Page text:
John H Cochrane: What to do When ObamaCare Unravels
Thanks to Shirley Dye for submitting this article.
Obama's purpose from the beginning of his presidency has always been to "fundamentally transform America." Part of that transformation is to destroy the free market system of health care in America, and turn it into a single payer, government run system. The failure of Obamacare is supposed to lead to just that. When enough Americans scream about losing their health care coverage, or having to pay providers for their deductibles, they will turn to Big Government to take care of them.
According to John Cochrane, the Republicans had better have a better solution. In his article "What to do When ObamaCare Unravels," he identifies a good start.
"There is an alternative. A much freer market in health care and health insurance can work, can deliver high quality, technically innovative care at much lower cost, and solve the pathologies of the pre-existing system.
"The U.S. health-care market is dysfunctional. Obscure prices and $500 Band-Aids are legendary. The reason is simple: Health care and health insurance are strongly protected from competition. There are explicit barriers to entry, for example the laws in many states that require a "certificate of need" before one can build a new hospital. Regulatory compliance costs, approvals, nonprofit status, restrictions on foreign doctors and nurses, limits on medical residencies, and many more barriers keep prices up and competitors out. Hospitals whose main clients are uncompetitive insurers and the government cannot innovate and provide efficient cash service.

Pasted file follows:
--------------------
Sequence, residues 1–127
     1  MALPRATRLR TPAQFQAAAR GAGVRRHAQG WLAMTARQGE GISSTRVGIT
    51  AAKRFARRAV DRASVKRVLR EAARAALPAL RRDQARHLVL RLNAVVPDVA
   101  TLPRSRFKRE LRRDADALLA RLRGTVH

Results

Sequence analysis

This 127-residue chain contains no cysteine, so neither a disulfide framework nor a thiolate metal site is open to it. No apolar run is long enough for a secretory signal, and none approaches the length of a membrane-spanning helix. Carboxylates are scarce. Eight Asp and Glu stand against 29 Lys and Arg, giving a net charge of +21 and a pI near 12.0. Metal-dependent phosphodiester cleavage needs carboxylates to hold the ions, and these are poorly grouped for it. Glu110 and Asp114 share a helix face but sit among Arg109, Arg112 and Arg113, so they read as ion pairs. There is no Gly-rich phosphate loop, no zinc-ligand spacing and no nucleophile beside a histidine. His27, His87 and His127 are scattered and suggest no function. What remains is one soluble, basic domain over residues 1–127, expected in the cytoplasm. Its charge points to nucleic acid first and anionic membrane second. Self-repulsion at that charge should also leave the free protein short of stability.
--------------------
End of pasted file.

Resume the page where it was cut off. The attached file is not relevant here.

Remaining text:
"Only deregulation can unleash competition. And only disruptive competition, where new businesses drive out old ones, will bring efficiency, lower costs and innovation.
"Health insurance should be individual, portable across jobs, states and providers; lifelong and guaranteed-renewable, meaning you have the right to continue with no unexpected increase in premiums if you get sick. Insurance should protect wealth against large, unforeseen, necessary expenses, rather than be a wildly inefficient payment plan for routine expenses.
"People want to buy this insurance, and companies want to sell it. It would be far cheaper, and would solve the pre-existing conditions problem. We do not have such health insurance only because it was regulated out of existence. Businesses cannot establish or contribute to portable individual policies, or employees would have to pay taxes. So businesses only offer group plans. Knowing they will abandon individual insurance when they get a job, and without cross-state portability, there is little reason for young people to invest in lifelong, portable health insurance. Mandated coverage, pressure against full risk rating, and a dysfunctional cash market did the rest.
Rather than a mandate for employer-based groups, we should transition to fully individual-based health insurance. Allow national individual insurance offered and sold to anyone, anywhere, without the tangled mess of state mandates and regulations. Allow employers to contribute to individual insurance at least on an even basis with group plans. Current group plans can convert to individual plans, at once or as people leave. Since all members in a group convert, there is no adverse selection of sicker people."